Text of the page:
Ryanair reports increase in half year profit

Eleanor Steed
By Eleanor Steed November 1, 2017 10:50

Ryanair reports increase in half year profit

Ryanair has reported an 11% increase in H1 profit to €1.29bn. Traffic grew 11% to 72m thanks to a strong Easter and a 5% reduction in airfares saving customers over €160m in the half year. Unit costs (including fuel savings) fell 5%, ex-fuel unit costs were flat.

“These strong H1 results reinforce the robust nature of Ryanair’s low fare, pan-European growth model even during a period which suffered a material failure in our pilot rostering function in early September,” said Ryanair’s Michael O’Leary. “Prior to this event, we were on track to deliver strong H1 results during which we opened 3 new bases and 80 new routes. We took delivery of 35 new B737’s in the first 6 months of 2017, we stimulated 11% traffic growth with 5% lower airfares, and achieved an industry record load factor of 97% in the peak summer months.”

Ancillary Revenue grew 14%. Customer spend rose 2% as more customers chose optional services such as reserved seats, priority boarding and car hire. H1 unit costs fell 5%, excluding fuel it was flat (but would have fallen 2% without the EU261 provision). Despite traffic growth of 11% our fuel bill fell 3%. Most other cost headings were broadly flat on a per passenger basis, other than our “Sales, Marketing & Other” which jumped 30% due to a one-off €25m EU261 provision, as Ryanair addressed the needs of affected customers in September to recover the rostering failure, and eliminate any risk of further cancellations.

Operating activity in H1 generated over €935m of net cash, which was used for net capex of €675m, share buybacks of €639m, and debt repayments of €200m. Accordingly, net debt rose from €244m at 31 March to €600m at 30 September.

Ryanair said that it was responding to the loss of Monarch, Air Berlin and Alitalia by continuing to grow in Germany and add more aircraft to its UKP bases for Summer 18 to take up any slack created by Monarch’s collapse, and to grow in Italy where the airline believes it is poised to be the main beneficiary of the inevitable contraction in Alitalia’s short haul services. “These trends, particularly where they allow high fare airlines like Lufthansa, BA and Air France to acquire local competitors, while constraining capacity and raising prices, can only be good for Ryanair’s yield and traffic growth, as our fleet rises to 600 aircraft, and our traffic grows from 129m to 200m p.a. by 2024,” said O’Leary.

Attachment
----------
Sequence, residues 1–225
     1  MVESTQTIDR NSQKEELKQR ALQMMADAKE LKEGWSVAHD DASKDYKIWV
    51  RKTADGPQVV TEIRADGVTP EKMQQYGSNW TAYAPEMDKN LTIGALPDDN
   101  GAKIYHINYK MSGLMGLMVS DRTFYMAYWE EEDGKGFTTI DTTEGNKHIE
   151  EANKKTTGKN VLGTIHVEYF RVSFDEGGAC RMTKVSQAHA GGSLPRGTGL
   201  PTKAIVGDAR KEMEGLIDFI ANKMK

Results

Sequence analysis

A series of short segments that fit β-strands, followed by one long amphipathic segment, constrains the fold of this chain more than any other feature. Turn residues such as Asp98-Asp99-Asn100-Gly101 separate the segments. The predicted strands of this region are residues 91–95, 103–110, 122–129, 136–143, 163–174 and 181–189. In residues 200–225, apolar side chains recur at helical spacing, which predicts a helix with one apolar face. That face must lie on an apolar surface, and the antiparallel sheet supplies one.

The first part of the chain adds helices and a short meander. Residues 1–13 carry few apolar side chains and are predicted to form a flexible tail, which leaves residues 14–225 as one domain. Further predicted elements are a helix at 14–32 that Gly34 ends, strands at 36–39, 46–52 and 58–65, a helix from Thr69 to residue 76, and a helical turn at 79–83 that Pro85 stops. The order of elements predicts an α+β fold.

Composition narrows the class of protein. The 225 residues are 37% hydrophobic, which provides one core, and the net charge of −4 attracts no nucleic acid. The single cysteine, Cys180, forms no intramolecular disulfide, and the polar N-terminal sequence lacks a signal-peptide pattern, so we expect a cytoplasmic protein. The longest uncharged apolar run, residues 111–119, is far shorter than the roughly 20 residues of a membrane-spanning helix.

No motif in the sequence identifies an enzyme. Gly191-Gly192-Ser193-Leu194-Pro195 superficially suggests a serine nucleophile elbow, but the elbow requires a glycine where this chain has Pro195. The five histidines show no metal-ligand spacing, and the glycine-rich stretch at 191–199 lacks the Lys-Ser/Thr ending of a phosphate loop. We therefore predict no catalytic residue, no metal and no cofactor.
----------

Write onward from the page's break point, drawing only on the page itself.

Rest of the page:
Ryanair remains concerned at the continuing uncertainty surrounding the terms of the UK’s departure from the EU in March 2019. “There remains a worrying risk of a serious disruption to UK-EU flights in April 2019 unless a timely UK-EU bilateral is agreed in advance of September 2018. We, like other airlines, need clarity on this issue before we publish our summer 2019 schedules in mid-2018 and time is running short for the UK to develop a bilateral solution.”

O’Leary again took the opportunity to again apologise for the material failure in the management of its pilot rostering function in September. “We are not short of crews, with over 4,200 pilots (5.2 crews per aircraft) and have hired over 900 new pilots this year to date. We operated the peak summer schedule in July & August (12.5m customers monthly) without incident. However, as we entered September, a series of poor planning decisions created a perfect storm of one-off pilot shortages,” said O’Leary.

This rostering failure forced the airline to assess the competitiveness of pilot pay, as well as pilot concerns about communications, career progression and basing. “While our pay was already slightly higher than B737 competitor airlines, we could have responded sooner to a tightening market for experienced F.O’s with pay increases for our experienced pilots, reinforcing our long standing and successful ERC collective bargaining process, and improving the range and choice of bases and contracts we offer our pilots. We will now move from being “competitive” to offering materially higher (over 20%) pay with better career prospects, superior rosters, and much better job security than Norwegian, among others, can offer. We expect these measures, if/when accepted by all our pilot bases, will add some €45m to our FY18 crew costs (and up to €100m in a full year) but will not significantly alter the substantial unit cost advantage we have over all other EU airline competitors.”

For the coming year, Ryanair expects slower growth in the second half of the year to approx. 4% traffic growth. As a result, full year traffic will slow from 131m to 129m customers.  “We are 2% better booked than this time last year, but at lower fares. We now expect FY18 fares will fall by -4% to -6%, which is slightly better than previous guidance (-5% to -7%).  Ancillary spend per customer should rise by 1% this year.”

Ryanair has kept its full year PAT guidance in a range of €1.40bn to €1.45bn.

Eleanor Steed
By Eleanor Steed November 1, 2017 10:50